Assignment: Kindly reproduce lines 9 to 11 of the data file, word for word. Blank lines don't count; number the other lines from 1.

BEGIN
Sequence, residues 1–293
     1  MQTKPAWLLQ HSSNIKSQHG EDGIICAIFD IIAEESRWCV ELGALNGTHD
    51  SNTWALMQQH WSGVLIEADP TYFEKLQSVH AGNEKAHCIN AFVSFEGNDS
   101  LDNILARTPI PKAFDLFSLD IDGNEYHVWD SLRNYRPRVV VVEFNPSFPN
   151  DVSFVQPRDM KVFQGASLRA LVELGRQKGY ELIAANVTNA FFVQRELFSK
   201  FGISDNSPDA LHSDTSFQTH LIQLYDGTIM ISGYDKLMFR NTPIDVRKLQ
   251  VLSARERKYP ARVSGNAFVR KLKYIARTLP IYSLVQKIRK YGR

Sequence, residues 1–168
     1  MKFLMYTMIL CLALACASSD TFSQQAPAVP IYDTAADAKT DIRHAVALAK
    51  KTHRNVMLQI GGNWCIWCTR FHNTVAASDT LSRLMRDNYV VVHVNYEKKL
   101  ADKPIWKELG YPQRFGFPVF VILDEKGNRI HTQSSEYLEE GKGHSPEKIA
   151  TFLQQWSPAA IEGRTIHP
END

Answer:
     1  MKFLMYTMIL CLALACASSD TFSQQAPAVP IYDTAADAKT DIRHAVALAK
    51  KTHRNVMLQI GGNWCIWCTR FHNTVAASDT LSRLMRDNYV VVHVNYEKKL
   101  ADKPIWKELG YPQRFGFPVF VILDEKGNRI HTQSSEYLEE GKGHSPEKIA